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The Isotopic Composition of Methane in Polar Ice Cores

H. Craig, C. C. Chou, J. A. Welhan, C. M. Stevens and A. Engelkemeir
Science
New Series, Vol. 242, No. 4885 (Dec. 16, 1988), pp. 1535-1539
Stable URL: http://www.jstor.org/stable/1702366
Page Count: 5
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The Isotopic Composition of Methane in Polar Ice Cores
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Abstract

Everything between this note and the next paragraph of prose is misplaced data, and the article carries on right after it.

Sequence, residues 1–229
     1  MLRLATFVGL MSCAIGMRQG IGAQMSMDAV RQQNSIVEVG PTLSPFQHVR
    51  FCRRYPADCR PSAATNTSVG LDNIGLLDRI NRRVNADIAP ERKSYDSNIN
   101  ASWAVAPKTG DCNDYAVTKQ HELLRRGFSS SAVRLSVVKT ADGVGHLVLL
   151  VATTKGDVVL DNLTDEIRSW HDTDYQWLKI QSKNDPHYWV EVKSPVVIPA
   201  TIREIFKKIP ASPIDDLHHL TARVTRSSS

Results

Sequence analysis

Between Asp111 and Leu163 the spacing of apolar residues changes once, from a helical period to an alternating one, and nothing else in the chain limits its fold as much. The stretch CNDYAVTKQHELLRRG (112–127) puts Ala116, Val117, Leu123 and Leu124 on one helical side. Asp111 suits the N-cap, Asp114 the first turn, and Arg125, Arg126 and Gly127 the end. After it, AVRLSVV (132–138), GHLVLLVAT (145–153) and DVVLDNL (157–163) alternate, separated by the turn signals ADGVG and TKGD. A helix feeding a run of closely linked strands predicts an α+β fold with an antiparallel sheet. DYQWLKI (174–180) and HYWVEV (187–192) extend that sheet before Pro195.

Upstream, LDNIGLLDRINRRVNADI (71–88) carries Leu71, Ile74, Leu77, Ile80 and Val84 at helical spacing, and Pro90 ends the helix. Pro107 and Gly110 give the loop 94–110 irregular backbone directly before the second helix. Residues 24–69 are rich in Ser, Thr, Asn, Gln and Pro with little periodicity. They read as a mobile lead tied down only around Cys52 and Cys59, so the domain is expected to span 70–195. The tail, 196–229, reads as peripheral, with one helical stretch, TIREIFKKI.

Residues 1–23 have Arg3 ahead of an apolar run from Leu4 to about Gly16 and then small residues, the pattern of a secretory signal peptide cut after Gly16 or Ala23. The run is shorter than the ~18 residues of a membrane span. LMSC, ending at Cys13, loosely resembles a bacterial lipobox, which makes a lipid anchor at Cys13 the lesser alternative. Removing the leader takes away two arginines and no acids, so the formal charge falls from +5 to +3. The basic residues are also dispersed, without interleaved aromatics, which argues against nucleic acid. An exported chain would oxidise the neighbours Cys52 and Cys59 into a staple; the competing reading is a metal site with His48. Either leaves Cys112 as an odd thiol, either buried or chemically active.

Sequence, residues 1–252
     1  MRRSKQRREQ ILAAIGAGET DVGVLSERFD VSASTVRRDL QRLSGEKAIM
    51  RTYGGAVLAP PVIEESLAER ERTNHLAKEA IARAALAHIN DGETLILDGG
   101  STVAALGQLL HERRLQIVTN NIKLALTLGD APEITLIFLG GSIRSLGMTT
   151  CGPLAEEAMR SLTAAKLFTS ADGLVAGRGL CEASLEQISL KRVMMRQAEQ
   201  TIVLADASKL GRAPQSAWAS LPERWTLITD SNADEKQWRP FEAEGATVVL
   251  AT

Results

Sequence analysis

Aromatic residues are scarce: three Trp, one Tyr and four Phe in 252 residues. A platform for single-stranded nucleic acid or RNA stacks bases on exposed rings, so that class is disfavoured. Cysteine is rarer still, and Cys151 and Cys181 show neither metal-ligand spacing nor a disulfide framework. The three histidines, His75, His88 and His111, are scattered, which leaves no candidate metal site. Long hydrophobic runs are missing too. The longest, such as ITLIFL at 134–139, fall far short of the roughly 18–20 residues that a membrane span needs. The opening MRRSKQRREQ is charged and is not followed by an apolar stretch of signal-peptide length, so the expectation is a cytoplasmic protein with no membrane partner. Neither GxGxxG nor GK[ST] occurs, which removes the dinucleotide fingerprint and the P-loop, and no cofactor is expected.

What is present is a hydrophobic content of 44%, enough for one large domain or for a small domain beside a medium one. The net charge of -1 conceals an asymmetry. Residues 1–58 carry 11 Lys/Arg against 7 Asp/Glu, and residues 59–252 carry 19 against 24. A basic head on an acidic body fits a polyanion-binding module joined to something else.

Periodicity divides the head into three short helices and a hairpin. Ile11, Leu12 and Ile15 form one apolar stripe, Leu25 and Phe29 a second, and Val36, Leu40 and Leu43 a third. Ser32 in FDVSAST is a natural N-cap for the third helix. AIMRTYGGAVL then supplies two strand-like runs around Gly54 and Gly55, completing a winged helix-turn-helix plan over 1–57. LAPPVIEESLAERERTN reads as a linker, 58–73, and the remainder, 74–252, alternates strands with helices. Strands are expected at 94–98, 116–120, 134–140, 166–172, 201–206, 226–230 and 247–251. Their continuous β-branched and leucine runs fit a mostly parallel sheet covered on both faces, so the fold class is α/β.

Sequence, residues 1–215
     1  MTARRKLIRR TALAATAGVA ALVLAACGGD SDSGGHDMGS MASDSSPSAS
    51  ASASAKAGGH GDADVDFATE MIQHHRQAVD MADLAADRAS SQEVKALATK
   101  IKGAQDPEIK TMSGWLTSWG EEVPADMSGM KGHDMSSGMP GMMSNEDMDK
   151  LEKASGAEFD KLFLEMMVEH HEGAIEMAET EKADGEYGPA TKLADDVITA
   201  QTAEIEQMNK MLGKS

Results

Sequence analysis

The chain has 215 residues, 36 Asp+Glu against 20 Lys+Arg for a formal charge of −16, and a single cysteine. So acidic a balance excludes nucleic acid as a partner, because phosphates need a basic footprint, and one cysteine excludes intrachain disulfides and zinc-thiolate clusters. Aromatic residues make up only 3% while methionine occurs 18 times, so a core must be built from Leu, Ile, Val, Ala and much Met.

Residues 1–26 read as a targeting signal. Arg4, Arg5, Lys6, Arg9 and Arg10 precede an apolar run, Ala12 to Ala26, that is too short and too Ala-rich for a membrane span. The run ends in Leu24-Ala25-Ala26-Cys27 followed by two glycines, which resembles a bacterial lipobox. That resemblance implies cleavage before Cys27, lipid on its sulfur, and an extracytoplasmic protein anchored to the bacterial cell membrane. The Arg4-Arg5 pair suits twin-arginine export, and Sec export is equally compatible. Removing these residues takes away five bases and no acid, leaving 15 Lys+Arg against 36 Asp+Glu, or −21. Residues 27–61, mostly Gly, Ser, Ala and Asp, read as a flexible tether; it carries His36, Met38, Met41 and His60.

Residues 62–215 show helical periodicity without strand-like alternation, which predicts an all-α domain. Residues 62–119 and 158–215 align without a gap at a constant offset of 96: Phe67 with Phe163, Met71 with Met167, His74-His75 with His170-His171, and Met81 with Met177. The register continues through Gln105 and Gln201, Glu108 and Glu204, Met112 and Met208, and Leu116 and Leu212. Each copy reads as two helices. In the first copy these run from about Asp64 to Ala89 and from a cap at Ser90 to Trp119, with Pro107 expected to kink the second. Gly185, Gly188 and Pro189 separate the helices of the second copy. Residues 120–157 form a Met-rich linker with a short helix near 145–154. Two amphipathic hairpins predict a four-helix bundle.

Air bubbles in polar ice cores indicate that about 300 years ago the atmospheric mixing ratio of methane began to increase rapidly. Today the mixing ratio is about 1.7 parts per million by volume, and, having doubled once in the past several hundred years, it will double again in the next 60 years if current rates continue. Carbon isotope ratios in methane up to 350 years in age have been measured with as little as 25 kilograms of polar ice recovered in 4-meter-long ice-core segments. The data show that (i) in situ microbiology or chemistry has not altered the ice-core methane concentrations, and (ii) that the carbon-13 to carbon-12 ratio of atmospheric CH$_{4}$ in ice from 100 years and 300 years ago was about 2 per mil lower than at present. Atmospheric methane has a rich spectrum of isotopic sources: the ice-core data indicate that anthropogenic burning of the earth's biomass is the principal cause of the recent $^{13}$CH$_{4}$ enrichment, although other factors may also contribute.

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